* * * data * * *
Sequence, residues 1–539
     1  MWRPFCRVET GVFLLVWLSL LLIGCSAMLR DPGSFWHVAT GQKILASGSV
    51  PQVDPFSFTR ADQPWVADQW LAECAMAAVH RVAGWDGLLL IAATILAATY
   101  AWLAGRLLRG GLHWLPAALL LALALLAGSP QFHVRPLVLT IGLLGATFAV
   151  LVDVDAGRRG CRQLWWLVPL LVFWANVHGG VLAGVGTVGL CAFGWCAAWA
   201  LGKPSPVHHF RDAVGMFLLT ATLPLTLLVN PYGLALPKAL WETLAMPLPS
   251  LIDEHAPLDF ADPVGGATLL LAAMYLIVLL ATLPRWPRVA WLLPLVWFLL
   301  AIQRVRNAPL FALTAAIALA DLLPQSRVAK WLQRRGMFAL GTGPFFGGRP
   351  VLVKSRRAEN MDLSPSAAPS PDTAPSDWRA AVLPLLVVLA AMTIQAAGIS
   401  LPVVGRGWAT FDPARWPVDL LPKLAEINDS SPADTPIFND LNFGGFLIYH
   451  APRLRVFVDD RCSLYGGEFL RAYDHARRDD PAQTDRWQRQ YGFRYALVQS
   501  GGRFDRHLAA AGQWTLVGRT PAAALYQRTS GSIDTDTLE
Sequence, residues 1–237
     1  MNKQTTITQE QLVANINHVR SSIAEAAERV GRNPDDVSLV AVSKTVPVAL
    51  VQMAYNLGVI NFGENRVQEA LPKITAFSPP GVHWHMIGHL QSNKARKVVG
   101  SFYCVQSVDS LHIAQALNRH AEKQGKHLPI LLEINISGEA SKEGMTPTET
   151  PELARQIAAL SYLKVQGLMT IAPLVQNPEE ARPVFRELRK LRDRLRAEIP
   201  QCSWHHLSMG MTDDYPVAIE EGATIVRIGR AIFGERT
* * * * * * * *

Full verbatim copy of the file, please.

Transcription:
Sequence, residues 1–539
     1  MWRPFCRVET GVFLLVWLSL LLIGCSAMLR DPGSFWHVAT GQKILASGSV
    51  PQVDPFSFTR ADQPWVADQW LAECAMAAVH RVAGWDGLLL IAATILAATY
   101  AWLAGRLLRG GLHWLPAALL LALALLAGSP QFHVRPLVLT IGLLGATFAV
   151  LVDVDAGRRG CRQLWWLVPL LVFWANVHGG VLAGVGTVGL CAFGWCAAWA
   201  LGKPSPVHHF RDAVGMFLLT ATLPLTLLVN PYGLALPKAL WETLAMPLPS
   251  LIDEHAPLDF ADPVGGATLL LAAMYLIVLL ATLPRWPRVA WLLPLVWFLL
   301  AIQRVRNAPL FALTAAIALA DLLPQSRVAK WLQRRGMFAL GTGPFFGGRP
   351  VLVKSRRAEN MDLSPSAAPS PDTAPSDWRA AVLPLLVVLA AMTIQAAGIS
   401  LPVVGRGWAT FDPARWPVDL LPKLAEINDS SPADTPIFND LNFGGFLIYH
   451  APRLRVFVDD RCSLYGGEFL RAYDHARRDD PAQTDRWQRQ YGFRYALVQS
   501  GGRFDRHLAA AGQWTLVGRT PAAALYQRTS GSIDTDTLE
Sequence, residues 1–237
     1  MNKQTTITQE QLVANINHVR SSIAEAAERV GRNPDDVSLV AVSKTVPVAL
    51  VQMAYNLGVI NFGENRVQEA LPKITAFSPP GVHWHMIGHL QSNKARKVVG
   101  SFYCVQSVDS LHIAQALNRH AEKQGKHLPI LLEINISGEA SKEGMTPTET
   151  PELARQIAAL SYLKVQGLMT IAPLVQNPEE ARPVFRELRK LRDRLRAEIP
   201  QCSWHHLSMG MTDDYPVAIE EGATIVRIGR AIFGERT